When to replace a toilet flange


    Unfortunately, no toilet flange can last forever. Even those of the highest quality can eventually begin to break down. And you can't blame them — they work hard doing a nasty job multiple times a day. The constant water exposure causes unavoidable wear and tear.


    The good news is that it takes many years, in most cases, for a quality toilet flange to wear out. When it does, you might notice leaking at the base of the toilet. You might also find that the toilet itself becomes unstable and rocks back and forth a little. If you've noticed either of these things in your bathroom, it's time to check the toilet flange.

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    How to replace a toilet flange


    Replacing a toilet flange is a relatively accessible DIY project. It's manageable for almost anyone who is willing to get their hands dirty. If you’d rather leave it up to the professionals, a plumber can quickly take care of the problem. If this project doesn't seem like you are saying, consider calling Geiler and we can have a rocking, leaking toilet fixed in no time.


    If you are down to tackle the toilet fix, you'll Start by turning off the water supply that leads to the tank. Drain the toilet by flushing it a few times until there's no more water in the tank. Then, disconnect the water supply from the tanks.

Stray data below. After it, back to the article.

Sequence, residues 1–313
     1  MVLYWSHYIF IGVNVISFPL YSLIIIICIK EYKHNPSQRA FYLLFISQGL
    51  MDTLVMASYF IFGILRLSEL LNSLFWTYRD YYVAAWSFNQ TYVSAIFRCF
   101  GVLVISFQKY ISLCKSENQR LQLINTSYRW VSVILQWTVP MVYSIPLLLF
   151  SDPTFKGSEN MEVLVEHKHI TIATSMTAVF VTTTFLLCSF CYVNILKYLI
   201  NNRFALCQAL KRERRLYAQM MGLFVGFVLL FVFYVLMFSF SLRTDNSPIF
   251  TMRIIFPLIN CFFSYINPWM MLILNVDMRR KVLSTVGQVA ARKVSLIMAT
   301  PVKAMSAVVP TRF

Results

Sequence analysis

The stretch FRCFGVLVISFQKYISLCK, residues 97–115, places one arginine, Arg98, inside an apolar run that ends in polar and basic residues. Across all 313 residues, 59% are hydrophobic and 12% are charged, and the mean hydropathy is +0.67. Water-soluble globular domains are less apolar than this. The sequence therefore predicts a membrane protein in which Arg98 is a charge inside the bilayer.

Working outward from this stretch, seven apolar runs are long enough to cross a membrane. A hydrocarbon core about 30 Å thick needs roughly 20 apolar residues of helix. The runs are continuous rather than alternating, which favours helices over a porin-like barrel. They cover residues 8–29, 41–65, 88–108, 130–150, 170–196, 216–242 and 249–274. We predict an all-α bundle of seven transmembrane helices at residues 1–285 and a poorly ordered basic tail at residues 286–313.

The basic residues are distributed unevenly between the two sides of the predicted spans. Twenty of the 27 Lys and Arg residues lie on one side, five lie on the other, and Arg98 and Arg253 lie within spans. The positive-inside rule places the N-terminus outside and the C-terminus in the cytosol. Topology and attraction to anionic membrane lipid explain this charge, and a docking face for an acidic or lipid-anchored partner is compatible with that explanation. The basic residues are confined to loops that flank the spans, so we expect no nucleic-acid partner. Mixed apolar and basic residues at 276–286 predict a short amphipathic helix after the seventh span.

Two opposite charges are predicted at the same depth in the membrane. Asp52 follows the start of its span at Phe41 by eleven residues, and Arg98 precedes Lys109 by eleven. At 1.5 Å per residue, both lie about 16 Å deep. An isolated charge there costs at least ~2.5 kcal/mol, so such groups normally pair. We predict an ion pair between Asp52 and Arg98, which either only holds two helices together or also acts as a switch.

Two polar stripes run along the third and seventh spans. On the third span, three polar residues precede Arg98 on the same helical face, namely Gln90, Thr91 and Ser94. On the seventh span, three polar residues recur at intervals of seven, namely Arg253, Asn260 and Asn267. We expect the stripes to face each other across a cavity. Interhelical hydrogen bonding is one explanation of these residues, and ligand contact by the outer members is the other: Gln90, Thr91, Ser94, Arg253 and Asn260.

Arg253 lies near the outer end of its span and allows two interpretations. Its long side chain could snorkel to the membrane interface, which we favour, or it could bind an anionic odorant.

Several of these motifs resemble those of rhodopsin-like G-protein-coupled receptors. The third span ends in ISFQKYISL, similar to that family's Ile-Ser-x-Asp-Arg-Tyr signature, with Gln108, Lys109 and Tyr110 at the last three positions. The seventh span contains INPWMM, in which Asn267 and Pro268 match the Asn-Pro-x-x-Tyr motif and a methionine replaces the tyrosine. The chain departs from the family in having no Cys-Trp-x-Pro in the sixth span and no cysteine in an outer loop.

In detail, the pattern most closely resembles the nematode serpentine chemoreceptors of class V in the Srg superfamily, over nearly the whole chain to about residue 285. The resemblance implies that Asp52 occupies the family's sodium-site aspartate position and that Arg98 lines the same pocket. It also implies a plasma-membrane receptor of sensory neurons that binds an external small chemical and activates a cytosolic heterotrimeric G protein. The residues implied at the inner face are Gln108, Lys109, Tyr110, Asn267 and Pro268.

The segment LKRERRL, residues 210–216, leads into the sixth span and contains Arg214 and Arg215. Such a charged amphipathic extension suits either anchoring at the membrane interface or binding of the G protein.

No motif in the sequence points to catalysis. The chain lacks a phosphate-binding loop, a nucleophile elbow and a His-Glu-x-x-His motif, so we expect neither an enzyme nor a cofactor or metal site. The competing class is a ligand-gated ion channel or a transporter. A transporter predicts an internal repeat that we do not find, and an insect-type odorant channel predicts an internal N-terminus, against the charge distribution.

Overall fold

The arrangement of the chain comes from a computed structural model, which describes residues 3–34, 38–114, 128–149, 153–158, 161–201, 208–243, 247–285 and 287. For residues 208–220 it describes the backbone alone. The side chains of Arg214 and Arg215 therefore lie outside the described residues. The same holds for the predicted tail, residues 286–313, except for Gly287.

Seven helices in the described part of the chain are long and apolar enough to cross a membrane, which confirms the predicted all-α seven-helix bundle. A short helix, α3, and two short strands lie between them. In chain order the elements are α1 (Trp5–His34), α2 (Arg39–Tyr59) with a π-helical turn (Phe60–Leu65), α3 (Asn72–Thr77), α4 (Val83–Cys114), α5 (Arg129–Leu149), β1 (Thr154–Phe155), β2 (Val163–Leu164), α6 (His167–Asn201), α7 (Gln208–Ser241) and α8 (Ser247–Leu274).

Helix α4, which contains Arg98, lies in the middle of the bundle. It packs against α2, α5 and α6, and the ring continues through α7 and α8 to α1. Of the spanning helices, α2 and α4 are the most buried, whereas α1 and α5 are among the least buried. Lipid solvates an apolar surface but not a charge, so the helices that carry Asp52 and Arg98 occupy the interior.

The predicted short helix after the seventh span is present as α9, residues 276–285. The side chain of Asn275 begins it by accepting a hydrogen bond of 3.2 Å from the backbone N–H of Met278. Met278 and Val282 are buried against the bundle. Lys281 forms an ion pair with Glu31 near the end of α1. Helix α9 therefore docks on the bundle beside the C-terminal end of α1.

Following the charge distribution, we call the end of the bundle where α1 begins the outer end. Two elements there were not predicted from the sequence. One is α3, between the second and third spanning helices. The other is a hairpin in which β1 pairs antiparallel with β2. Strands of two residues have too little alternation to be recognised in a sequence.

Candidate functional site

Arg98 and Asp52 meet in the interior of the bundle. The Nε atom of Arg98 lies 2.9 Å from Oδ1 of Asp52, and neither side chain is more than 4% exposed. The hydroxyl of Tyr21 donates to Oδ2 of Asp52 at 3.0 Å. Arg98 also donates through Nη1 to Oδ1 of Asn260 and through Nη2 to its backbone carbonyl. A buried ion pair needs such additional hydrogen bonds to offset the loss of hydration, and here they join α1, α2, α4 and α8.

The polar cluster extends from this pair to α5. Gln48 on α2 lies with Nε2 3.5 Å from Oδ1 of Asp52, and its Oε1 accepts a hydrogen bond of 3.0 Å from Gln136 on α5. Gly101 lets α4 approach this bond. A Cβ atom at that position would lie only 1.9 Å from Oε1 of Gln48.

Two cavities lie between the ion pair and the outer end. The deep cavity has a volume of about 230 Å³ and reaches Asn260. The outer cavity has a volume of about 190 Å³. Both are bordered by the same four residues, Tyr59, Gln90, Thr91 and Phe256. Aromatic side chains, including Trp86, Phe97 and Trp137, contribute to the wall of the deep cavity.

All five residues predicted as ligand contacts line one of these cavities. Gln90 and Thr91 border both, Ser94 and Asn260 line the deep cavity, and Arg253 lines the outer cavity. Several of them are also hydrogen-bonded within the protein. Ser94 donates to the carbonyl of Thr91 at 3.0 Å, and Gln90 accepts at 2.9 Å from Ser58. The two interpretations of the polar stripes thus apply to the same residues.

Next, lay down some old towels to protect your floor before you begin unbolting the toilet. You'll remove the tank first and then the bowl. There are mounting bolts on either side of the tank. Unscrew these, then lift the tank from the bowl. Next, take off the bolt caps at the base of the toilet followed by the nuts from the floor bolts.


    Before you can lift the toilet off you may need to rock it a little to help release it from the wax seal. If your toilet is already loose, you can skip this step.


    By now, you have accessed the drainpipe, and it may be a little unpleasant. You can take an old towel and plug the pipe for this portion of the project to block some of the odors.


    You'll need to remove the old wax seal before you can remove the old flange. Scrape off the wax with a paint scraper, then unscrew the bolts attaching the flange to the floor. Most flanges will lift easily from the floor once they are unscrewed. If this is not the case for you, you may need a plumber to remove it.


    You can either measure your old toilet flange or take the flange directly to the hardware store to get the right sized replacement. The new flange will secure to the floor just as the old one had. Insert the bolts and tighten them in place using washers and nuts. Next, center the wax ring on the flange and carefully lower the bowl in place. Reattach the toilet bowl with the bolts, then the tank using the mounting bolts on either side.


    It's finally time to reattach the water supply and give it a go. Allow the tank to fill with water and flush the toilet. if you don't see any leaks, then congratulations! You just successfully installed a new flange!

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    You might also want to read:


    What is that hissing sound coming from my toilet?

    When Is It Time To Call A Plumber For A Clogged Toilet?

    Why does my toilet rock back and forth?